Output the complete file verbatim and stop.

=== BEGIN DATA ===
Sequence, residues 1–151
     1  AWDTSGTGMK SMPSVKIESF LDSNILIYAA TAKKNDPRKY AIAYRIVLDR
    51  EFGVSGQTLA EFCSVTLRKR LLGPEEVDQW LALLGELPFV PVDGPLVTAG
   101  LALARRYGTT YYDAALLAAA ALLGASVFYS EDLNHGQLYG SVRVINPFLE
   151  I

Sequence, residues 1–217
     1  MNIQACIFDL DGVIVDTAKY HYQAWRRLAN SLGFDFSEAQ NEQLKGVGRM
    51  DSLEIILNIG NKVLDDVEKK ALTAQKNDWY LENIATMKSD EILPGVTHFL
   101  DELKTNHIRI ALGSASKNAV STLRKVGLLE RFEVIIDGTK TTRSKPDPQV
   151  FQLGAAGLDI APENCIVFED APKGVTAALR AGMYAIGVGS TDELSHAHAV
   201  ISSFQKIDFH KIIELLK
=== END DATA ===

Sequence, residues 1–151
     1  AWDTSGTGMK SMPSVKIESF LDSNILIYAA TAKKNDPRKY AIAYRIVLDR
    51  EFGVSGQTLA EFCSVTLRKR LLGPEEVDQW LALLGELPFV PVDGPLVTAG
   101  LALARRYGTT YYDAALLAAA ALLGASVFYS EDLNHGQLYG SVRVINPFLE
   151  I

Sequence, residues 1–217
     1  MNIQACIFDL DGVIVDTAKY HYQAWRRLAN SLGFDFSEAQ NEQLKGVGRM
    51  DSLEIILNIG NKVLDDVEKK ALTAQKNDWY LENIATMKSD EILPGVTHFL
   101  DELKTNHIRI ALGSASKNAV STLRKVGLLE RFEVIIDGTK TTRSKPDPQV
   151  FQLGAAGLDI APENCIVFED APKGVTAALR AGMYAIGVGS TDELSHAHAV
   201  ISSFQKIDFH KIIELLK